LAST CALL FOR EMPANADA MONDAYS
August is the last month for everyone’s favorite day of the week. Empanada Mondays mean the empanadas cost only $1.99 each and every Monday. The deal only lasts through the rest of this month, so get ’em while they’re cheap. Come September, this special price disappears like an ice cube on the sidewalk !
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When thinking of Rosé, the famed and classic wines from the southern parts of France come to mind first; the Provence and Bandol regions can be spotted on many Rosé labels as they have set the early trend for that delicious easy drinking pale pink that has been replicated all over the world. Grapes blended to produce those wines are often the southern French reds like Grenache, Cinsault, Mourvedre, and Syrah, with the occasional use of white varietals like the local Rolle, better known across the eastern border in Italy as Vermentino.
And so here is where the wonderful and slightly confusing wine journey through Europe begins, where even experts are thrown off by the variety of different grapes, blends, and traditions of winemaking, old and new, in all European wine-producing regions. Because of the recent rise in temperatures, that would include almost every country in Europe by now.
Countries topping the list are France (#1), Spain (#2), Portugal, Italy (#4), Germany, Austria, and Greece. Croatia, Hungary, Romania, Czechia, England, and Sweden (yes, Sweden!) are also up and coming. There are too many Rosé wines to try, all made from hundreds of different varietals, so we can only offer you a sliver of some of the best ones we think are worth trying. Here’s a fun fact: the world’s third largest producer of Rosés is the USA, and we also have some of their best ones in stock. Now back to Europe….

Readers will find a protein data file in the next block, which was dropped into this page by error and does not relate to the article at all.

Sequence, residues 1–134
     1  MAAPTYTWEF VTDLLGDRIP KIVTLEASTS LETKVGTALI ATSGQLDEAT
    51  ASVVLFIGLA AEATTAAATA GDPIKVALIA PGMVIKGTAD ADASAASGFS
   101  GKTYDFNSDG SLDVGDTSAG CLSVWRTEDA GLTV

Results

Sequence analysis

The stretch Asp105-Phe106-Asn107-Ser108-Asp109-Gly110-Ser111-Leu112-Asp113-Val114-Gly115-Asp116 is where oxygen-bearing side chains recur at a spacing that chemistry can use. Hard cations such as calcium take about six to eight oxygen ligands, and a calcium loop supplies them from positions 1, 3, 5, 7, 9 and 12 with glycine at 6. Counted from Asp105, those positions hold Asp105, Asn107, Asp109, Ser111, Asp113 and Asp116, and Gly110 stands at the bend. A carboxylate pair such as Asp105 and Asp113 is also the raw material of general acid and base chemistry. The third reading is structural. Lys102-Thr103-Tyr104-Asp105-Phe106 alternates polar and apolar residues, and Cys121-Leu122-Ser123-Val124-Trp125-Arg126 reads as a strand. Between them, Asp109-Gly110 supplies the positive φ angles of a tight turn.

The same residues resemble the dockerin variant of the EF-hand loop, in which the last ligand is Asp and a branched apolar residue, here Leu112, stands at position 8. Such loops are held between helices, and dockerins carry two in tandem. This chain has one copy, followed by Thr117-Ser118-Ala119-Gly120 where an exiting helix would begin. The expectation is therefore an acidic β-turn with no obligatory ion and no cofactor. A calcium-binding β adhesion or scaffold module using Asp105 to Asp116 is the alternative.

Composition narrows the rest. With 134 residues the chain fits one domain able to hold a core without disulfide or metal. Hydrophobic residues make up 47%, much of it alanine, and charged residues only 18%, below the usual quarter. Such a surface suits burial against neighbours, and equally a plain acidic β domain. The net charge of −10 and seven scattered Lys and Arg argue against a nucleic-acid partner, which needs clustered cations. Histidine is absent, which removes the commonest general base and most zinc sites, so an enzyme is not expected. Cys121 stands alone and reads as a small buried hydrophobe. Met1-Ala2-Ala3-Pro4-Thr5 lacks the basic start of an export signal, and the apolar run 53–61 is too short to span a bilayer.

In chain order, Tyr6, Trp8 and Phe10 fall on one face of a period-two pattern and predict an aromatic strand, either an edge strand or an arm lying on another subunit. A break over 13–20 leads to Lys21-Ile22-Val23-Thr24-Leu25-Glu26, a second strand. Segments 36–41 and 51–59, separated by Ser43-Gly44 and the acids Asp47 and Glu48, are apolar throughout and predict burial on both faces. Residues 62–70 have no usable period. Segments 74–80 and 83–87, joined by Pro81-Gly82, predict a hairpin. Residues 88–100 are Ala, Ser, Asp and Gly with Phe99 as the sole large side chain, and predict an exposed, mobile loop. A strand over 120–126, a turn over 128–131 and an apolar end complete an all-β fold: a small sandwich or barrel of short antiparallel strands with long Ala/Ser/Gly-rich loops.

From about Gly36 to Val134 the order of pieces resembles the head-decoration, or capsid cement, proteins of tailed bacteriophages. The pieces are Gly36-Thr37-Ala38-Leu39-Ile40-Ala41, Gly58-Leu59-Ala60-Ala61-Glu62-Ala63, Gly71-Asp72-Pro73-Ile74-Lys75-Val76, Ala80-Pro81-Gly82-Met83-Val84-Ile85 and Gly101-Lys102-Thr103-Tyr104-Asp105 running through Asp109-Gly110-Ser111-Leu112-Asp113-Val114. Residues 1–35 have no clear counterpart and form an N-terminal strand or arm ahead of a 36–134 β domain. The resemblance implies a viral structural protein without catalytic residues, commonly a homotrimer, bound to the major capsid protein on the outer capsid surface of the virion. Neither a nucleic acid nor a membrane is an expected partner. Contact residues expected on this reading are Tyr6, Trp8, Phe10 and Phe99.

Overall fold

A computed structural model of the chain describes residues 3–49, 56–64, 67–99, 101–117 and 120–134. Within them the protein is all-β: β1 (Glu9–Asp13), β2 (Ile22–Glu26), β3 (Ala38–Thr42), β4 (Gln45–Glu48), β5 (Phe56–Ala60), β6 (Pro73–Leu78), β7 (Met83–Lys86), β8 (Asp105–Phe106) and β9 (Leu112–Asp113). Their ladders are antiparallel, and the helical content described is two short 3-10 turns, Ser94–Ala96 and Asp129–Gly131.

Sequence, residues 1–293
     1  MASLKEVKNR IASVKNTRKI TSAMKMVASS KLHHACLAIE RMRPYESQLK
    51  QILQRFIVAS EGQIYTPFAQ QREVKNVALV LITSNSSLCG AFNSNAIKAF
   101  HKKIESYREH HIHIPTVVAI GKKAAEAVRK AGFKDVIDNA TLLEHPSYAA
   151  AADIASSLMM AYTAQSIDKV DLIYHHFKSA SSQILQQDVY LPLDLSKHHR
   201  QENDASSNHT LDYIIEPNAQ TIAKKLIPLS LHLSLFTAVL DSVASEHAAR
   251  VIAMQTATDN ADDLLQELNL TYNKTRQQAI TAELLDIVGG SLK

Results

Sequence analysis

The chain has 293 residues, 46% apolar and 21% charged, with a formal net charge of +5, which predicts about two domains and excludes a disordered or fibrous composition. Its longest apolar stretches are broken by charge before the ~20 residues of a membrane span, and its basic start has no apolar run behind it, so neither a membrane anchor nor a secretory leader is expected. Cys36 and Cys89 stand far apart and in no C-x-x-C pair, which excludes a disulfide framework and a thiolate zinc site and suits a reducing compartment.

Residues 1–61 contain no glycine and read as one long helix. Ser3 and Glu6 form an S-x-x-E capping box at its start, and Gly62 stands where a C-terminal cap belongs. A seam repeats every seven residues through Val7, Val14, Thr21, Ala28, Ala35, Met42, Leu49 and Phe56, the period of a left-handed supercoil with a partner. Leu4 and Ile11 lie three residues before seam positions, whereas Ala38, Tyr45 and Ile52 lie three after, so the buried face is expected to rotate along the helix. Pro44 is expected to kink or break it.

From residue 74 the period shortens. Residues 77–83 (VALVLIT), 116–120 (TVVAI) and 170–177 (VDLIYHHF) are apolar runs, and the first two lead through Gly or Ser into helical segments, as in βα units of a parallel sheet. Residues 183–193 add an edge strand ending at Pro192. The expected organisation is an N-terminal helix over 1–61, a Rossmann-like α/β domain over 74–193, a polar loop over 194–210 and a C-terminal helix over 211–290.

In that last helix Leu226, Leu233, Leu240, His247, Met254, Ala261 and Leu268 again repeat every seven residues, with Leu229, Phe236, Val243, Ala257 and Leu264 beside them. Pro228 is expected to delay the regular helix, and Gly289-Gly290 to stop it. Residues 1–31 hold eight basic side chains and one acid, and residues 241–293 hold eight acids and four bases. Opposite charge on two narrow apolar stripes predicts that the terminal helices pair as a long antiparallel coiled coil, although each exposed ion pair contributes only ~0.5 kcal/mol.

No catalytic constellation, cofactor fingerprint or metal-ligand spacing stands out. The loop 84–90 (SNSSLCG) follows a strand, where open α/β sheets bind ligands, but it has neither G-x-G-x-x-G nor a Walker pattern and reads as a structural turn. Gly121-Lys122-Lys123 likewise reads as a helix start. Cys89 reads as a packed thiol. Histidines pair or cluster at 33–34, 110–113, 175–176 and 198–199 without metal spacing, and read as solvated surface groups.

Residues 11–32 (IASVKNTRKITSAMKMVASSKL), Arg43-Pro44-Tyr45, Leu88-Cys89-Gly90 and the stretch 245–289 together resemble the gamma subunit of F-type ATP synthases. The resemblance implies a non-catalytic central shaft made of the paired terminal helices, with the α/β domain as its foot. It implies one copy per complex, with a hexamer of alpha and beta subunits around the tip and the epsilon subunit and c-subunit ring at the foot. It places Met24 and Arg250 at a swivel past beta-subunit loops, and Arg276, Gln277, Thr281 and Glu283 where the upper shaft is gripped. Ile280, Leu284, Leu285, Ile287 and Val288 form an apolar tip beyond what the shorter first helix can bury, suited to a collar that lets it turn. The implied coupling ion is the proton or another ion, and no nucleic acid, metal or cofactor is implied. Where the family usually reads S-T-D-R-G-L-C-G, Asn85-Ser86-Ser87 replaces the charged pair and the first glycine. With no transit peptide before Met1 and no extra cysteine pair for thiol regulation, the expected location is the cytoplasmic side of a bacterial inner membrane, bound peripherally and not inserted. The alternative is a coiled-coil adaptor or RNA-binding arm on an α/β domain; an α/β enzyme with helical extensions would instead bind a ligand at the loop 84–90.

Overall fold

There is a large selection and many different styles going from pale to dark red, from bone dry to sweet, mineral with a lot of juicy acid play, or soft and with a bigger mouthfeel, almost full body.
This cherry red ‘Chiola’ by producer Cerasuolo d’Abruzzo from the Southeast of Italy is made from 100% Montepulciano, producing a Rosé darker in color, like a freshly cut pomegranate. It has a juicy acid play that makes it delicious and great when paired with pasta salads, marinated white meat, grilled suckling pig, or perfect for lounging by the pool.
The three main methods for making Rosé are:
1) explicitly growing the fruit for the wine and stopping the coloring process when separating the juice from the grape skins,
2) the Saignée method (‘bleed off’) which involves draining a portion of juice from a tank of crushed red grapes intended for red wine resulting in a richer and darker color or
3) blending red and white – mainly used for sparkling wine production like Champagne where Pinot Noir, Pinot Meunier, and Chardonnay are used resulting in the toasty, creamy and fruity aromas that we know from Champagne.
Wherever and however it is made … Rosé all day!
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